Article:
The other weekend I had the opportunity to run a 5k with my daughter (10) – her first such race – near Seattle Center in downtown Seattle. She first participated in a 1k kids dash without me; then we ran the 5k together.
That morning she had to get up early. Worse yet, we also switched to daylight saving time that night. Though excited, she started that morning extra tired.
Although she had been going out running in school once a week, this was her first time running the five-kilometer distance. Seattle is a hilly town and accordingly, this course has some elevation changes along the way.
She understood to pace herself, but she also found that this was difficult. She noted pains in her feet and she struggled to maintain steady and efficient breathing. Before the end of the first mile, we slowed for a first walking break. It was clearly a challenge, she was very aware of the remaining distance — but she was also determined to finish (and earn pizza at the end).
We talked, we ran, we jogged and walked.
It was great!
There was an out-and-back portion on the course. Going out, you cannot help but notice the people coming back. Eventually that was us, then soon we were well on our way back, maintaining an easy jog.
I noticed a family we knew, who were still going out. They saw us, pointed and cheered. A minute or two later this happened again with other friends, with one of them exclaiming to my daughter “you are looking strong!”
We slowed to a fast walk. She looked tired.
I said, “do you understand what just happened?”
She shook her head. “I am not sure. What do you mean?”
“I know that you are struggling. You are working hard and you feel that you are working hard. You are having a tough time.”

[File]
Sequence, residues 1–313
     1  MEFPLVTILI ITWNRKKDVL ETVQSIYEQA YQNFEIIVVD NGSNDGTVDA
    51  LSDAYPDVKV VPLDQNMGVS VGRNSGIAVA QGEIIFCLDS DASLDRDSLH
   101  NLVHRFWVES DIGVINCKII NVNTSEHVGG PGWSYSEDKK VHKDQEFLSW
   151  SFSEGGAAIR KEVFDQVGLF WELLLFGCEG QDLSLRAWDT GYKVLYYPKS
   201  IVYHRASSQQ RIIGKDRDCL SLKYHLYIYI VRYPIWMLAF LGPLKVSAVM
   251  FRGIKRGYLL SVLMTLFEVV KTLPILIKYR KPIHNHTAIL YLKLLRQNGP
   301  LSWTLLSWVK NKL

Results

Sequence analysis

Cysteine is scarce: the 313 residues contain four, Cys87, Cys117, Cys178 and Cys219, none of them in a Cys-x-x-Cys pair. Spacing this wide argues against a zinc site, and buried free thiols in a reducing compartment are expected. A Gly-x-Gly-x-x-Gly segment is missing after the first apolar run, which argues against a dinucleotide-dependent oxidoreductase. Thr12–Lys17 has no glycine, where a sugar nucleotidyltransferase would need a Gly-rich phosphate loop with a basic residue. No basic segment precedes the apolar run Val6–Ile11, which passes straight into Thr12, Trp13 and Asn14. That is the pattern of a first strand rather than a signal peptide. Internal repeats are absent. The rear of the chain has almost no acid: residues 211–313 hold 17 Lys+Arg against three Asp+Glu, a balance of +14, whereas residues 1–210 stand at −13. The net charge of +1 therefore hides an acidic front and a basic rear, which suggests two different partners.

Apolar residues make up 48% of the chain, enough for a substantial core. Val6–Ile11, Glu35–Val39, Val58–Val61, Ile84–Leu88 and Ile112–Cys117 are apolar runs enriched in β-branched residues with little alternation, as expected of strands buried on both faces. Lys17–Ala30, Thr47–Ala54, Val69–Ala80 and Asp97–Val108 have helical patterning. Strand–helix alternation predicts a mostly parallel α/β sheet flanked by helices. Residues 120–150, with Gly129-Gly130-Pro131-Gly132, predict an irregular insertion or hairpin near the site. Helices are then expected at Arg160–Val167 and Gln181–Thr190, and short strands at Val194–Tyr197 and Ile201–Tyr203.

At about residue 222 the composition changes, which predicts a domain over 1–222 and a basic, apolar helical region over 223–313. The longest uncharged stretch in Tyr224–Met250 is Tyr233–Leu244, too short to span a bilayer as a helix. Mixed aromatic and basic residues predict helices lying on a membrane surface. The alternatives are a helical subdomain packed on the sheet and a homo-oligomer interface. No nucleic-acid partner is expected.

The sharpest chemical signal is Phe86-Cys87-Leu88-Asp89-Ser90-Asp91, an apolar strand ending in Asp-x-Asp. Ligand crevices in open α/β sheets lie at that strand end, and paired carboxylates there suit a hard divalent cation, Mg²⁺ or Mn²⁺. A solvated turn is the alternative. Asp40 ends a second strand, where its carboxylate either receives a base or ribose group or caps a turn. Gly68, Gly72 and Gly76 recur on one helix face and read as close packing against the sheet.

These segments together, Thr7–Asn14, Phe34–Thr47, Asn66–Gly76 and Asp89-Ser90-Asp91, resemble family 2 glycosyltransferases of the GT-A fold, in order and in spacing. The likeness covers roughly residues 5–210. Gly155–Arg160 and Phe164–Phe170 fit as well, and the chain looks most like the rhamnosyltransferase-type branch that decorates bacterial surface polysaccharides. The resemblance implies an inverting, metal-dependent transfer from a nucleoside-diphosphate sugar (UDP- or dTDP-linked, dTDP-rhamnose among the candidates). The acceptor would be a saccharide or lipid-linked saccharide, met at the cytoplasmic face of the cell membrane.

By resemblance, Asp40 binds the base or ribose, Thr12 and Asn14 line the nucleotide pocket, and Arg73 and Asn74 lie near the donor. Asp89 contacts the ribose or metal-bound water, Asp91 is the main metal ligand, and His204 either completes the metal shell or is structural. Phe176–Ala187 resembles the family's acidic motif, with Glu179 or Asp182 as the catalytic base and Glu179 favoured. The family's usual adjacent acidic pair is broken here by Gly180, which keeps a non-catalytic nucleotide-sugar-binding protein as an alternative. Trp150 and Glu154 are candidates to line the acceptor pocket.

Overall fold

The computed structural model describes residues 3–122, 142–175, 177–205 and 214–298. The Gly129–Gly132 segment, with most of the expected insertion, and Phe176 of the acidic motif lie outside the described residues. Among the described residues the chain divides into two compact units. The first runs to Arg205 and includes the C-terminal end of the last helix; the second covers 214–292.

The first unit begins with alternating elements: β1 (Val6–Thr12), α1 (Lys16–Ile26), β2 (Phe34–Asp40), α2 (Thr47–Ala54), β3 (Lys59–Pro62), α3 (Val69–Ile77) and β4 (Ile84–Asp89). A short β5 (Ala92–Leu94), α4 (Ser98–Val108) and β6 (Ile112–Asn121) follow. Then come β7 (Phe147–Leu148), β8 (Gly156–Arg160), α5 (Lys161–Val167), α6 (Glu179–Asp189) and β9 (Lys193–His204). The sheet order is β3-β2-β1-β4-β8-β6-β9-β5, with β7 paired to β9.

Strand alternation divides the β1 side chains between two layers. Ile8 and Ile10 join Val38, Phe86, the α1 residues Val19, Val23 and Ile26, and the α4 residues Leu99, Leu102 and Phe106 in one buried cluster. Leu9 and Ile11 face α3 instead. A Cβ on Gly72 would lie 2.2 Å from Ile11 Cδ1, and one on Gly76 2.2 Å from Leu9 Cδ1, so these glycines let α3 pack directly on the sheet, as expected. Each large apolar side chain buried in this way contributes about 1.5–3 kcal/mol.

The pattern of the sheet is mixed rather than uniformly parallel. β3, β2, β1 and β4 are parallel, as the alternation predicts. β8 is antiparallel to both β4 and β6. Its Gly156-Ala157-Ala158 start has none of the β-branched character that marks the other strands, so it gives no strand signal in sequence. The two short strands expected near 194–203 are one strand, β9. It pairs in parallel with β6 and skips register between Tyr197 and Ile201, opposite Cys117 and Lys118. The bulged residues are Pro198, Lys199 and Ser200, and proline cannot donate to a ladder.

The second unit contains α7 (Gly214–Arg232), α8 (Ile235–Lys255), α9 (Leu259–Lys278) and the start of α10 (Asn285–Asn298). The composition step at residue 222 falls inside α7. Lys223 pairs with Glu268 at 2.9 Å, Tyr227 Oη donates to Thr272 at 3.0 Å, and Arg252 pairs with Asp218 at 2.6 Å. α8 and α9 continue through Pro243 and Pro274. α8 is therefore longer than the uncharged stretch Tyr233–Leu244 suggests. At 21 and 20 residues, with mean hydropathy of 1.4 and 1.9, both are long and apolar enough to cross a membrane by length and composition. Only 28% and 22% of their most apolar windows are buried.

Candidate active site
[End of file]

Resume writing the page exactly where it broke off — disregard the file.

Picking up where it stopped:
She nodded. “Yes …”
“Well. They couldn’t tell. To them, you looked strong.”
If only you could feel about yourself the way that they see you.
We kept running, with the occasional walking break.
At the three mile marker, she pushed herself and almost sprinted through the finish line. She was beaming with pride afterwards and told me later she would want to do this again.
It was a win.
After the race, we ended up waiting for the pizza place to open, so that we could place an order. She had half of hers finished, by the time we got back to the car.
I love telling my daughter about other people (dead or alive), who have accomplished big things, have contributed well. Of course, I especially love telling her about women, who have done so, because my daughter is growing up to be one herself.
Recently I told her about Candice Burt, an elite ultra runner, who (as of this writing) has been on a streak of more than 130 consecutive daily runs of at least 50 kilometers. She is documenting this on social media and I find it inspiring. Candice is showing us, what is possible in endurance running. I admire her for what she is able to accomplish.
Regardless how amazing an athlete is, they are still human. They have good days and bad days. They struggle, often more than they like. Sometimes they feel great, other times they feel very bad. Sometimes they win; sometimes they lose. This may all sound very obvious, but it can also be easy to forget, when you only see someone during the times, when they shine.
What we see from the outside (and how we interpret that) often tells us very little about how they feel on the inside.
This is only incidentally about running or endurance sports at all.